On Limiting Personas

On very rare occasion, I read other people’s blogs. (These are the things having homework will do to you: compulsive Facebook-checking, Twittering, and actual participation in the blogosphere.) And technically, these days I really only read one other person’s blog. It belongs to my friend and colleague in the MFA program, Nari. I don’t think I’d be the only person around here who’d confess to some envy of Nari’s intellect and writing ability–to say nothing of her  astounding organizational skills.

Thematically, though, Nari and I compliment one another rather well: she writes (in part) about being engaged while cynical, and I, of course, write about being single while hopelessly romantic.

In her last post, however, she admits to her closeted romantic side. Don’t panic, I am not about to confess to a closeted cynicism: Nari and I are both non-fiction writers, after all. She writes about something in that post, though, that I think about a lot and wanted to touch on.

It’s this idea we often talk about in nonfiction of a “limited persona:” basically the notion that, when writing memoir or personal essay, you need to make yourself a more cohesive character than you truly are. Often, this means exaggerating one aspect of your personality. Nari writes that she may “limit” her persona in person–to that of a pragmatic, progressive, anti-girly girl–even more strategically than she does on the page.

I told one of my best friends about this idea before allowing her to read an essay I wrote last semester–back before I made a habit of more widely broadcasting my neuroses. This essay is mainly about my insomnia, but in it I essentially claim that I haven’t been able to sleep since high school because I lay awake worrying about finding a husband.

To which, of course, there is some truth. But it is also true that I lay awake worrying about school and work and friendships and food and gas bills…and various other random things that, taken together, do not make as focused–or amusing–an essay as my romantic fixation.

I could say the same for this blog: in my real, three-dimensional life I do, sometimes, reflect on issues besides love. But I’m not sure I have the discipline, ability, or desire to render those other thoughts interesting to all of you.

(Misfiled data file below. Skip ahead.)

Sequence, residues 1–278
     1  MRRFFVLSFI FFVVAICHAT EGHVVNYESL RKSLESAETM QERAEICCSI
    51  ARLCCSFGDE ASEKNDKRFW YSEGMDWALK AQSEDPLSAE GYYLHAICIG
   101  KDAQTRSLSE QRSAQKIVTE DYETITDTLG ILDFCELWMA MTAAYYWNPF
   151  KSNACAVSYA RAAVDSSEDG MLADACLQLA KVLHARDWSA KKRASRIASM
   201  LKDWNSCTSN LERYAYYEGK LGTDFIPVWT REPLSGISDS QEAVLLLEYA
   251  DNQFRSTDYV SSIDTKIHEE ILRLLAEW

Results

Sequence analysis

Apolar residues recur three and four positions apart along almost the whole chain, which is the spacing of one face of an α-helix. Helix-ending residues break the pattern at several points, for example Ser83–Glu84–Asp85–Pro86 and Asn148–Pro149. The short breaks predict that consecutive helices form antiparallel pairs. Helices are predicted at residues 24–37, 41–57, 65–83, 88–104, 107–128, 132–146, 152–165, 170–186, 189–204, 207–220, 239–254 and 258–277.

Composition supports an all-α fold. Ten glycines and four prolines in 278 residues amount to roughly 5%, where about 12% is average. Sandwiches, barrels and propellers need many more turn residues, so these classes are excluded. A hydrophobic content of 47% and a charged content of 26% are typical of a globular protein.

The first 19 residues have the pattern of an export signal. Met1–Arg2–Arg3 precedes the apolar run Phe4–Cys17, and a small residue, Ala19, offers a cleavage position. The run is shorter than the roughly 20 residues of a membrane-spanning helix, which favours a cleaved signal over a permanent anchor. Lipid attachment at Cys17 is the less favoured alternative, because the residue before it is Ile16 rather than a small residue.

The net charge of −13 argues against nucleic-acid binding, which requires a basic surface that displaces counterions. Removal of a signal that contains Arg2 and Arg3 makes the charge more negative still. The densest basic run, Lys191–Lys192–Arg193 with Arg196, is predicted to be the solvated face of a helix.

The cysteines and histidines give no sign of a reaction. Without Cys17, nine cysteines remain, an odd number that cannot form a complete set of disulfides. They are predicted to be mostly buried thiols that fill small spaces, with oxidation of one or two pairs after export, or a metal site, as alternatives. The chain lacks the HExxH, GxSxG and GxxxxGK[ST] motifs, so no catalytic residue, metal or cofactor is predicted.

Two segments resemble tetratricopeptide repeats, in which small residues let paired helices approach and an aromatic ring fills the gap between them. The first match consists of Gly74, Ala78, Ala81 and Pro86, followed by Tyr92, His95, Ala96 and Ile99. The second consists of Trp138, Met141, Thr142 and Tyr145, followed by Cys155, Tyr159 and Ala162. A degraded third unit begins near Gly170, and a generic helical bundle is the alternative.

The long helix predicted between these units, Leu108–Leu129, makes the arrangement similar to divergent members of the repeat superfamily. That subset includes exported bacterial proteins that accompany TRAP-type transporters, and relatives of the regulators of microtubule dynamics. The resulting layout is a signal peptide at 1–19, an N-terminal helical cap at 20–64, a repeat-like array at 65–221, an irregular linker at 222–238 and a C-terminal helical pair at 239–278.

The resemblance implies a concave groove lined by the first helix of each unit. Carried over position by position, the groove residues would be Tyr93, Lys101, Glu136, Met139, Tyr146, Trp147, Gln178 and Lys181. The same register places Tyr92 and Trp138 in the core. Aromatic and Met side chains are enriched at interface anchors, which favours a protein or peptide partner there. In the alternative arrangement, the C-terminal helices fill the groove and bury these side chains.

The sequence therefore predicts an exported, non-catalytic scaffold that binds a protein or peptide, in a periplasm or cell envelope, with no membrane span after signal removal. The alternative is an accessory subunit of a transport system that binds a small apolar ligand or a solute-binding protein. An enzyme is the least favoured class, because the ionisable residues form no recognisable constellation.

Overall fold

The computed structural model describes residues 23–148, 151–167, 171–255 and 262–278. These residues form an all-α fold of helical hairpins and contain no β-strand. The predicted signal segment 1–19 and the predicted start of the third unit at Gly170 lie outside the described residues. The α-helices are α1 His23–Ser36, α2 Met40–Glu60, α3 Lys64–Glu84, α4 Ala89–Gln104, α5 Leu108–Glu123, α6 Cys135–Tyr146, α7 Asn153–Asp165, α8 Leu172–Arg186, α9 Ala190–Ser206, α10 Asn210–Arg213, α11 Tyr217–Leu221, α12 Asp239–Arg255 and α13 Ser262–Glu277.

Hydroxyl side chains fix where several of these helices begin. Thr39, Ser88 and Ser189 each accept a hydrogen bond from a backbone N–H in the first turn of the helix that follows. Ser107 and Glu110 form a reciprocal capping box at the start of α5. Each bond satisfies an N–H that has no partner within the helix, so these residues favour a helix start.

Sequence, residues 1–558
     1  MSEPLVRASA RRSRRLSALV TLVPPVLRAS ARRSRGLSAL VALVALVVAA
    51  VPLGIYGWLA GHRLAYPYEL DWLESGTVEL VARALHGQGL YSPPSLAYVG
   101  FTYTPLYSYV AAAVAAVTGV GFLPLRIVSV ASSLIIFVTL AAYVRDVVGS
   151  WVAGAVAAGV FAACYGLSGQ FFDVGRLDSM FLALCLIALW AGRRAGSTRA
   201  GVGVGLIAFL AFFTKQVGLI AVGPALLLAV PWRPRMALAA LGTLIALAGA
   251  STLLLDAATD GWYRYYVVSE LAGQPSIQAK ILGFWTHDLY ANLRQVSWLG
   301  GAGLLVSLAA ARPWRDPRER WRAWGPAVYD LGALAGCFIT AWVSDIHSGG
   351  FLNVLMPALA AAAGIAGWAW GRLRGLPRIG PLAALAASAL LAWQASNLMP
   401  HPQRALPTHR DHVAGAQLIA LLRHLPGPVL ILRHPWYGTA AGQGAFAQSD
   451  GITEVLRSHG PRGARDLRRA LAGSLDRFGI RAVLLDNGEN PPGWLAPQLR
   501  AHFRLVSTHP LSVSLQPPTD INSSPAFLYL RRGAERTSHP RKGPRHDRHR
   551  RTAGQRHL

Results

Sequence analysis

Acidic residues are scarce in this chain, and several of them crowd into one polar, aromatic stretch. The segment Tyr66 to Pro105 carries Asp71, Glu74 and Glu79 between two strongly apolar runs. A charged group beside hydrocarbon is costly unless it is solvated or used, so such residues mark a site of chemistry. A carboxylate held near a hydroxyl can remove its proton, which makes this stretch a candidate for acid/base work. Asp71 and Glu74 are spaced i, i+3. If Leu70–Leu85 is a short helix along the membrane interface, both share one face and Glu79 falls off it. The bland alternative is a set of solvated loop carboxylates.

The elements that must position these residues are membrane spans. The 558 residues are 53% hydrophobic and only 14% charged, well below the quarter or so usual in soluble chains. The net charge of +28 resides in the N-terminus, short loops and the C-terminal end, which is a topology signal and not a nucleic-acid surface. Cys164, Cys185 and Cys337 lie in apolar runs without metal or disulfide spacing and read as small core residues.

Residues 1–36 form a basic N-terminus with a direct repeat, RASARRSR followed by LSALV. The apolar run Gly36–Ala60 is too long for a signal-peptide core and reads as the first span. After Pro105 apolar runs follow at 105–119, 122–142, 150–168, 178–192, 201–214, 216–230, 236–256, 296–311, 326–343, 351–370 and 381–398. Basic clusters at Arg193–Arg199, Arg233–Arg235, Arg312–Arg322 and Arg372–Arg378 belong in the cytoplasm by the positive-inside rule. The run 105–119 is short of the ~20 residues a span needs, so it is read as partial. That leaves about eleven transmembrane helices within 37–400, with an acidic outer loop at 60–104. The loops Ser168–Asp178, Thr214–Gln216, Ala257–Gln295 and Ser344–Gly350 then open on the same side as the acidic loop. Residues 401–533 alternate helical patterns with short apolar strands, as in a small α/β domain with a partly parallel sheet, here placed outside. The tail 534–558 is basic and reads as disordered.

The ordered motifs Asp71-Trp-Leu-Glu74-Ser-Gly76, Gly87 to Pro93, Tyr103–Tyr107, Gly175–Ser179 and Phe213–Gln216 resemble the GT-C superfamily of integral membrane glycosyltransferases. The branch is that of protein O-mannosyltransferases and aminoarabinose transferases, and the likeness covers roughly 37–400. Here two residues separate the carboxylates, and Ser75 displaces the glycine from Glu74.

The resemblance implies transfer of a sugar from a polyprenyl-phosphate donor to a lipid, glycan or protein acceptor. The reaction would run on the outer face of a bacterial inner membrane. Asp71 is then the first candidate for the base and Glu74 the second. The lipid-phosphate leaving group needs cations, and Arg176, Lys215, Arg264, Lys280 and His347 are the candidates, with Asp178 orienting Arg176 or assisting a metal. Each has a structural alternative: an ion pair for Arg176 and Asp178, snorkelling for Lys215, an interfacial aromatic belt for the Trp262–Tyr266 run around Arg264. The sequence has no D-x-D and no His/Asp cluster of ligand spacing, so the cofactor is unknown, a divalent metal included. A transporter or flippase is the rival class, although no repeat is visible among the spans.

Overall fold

I thought about this the other day when someone I haven’t spoken to since high school found me on Facebook and told me he’d been reading.

“It’s definitely entertaining,” he wrote. “But aren’t you a little young to be so worried about dating?”

Which, I must note, is a very New York thing to say. Here in the Rest of the Country, people actually get married and have kids before they’re thirty-five. This is something I didn’t realize until I left New York.

But back to his point: it’s a fair one. The question of how dramatically I actually worry about dating is one I’ve touched on and will continue to–for now, let’s just say if I was truly obsessed with getting married I probably would never have left a good job and the region where I assume I’ll end up to pursue a an almost-entirely-useless degree in New Mexico– a place where, as we’ve discovered, there is in fact no one to date much less marry.

Based on this blog, though, I’d forgive you for thinking otherwise.

And, most days, I will continue to let you. Honestly, I think it’s best that we keep things, well, limited.


Filed under Love Life

5 responses to “On Limiting Personas

  1. I have a feeling that this is my moment of fame. I’m seizing it–and celebrating with hot chocolate.

    • Well that makes me happy. Though I’m not sure how much fame I can provide! Hope you were okay with my characterization of you, and your post!?

  2. Yes–you were quite generous, in fact. My persona will be even more difficult to limit now that my ego has been fluffed.

  3. Oh, I am far too young to worry so much about this finding-a-husband business, but I notice I tend to play up my girliness and my slight, mostly in jest, housewifey leanings. And once this image is created in someone’s mind of me, it seems impossible for it to be undone. I find myself aggravated when a dude assumes that all I want is a sweet little baby and a pastel-colored Kitchenaid mixer–even though, well, it’s the truth. But this is all at the expense of forgetting my intellectualism, my adventurous and entrepreneurial streak, and my firm feminist bent.

    By the waaay, how old are you, Ms. Tannen?

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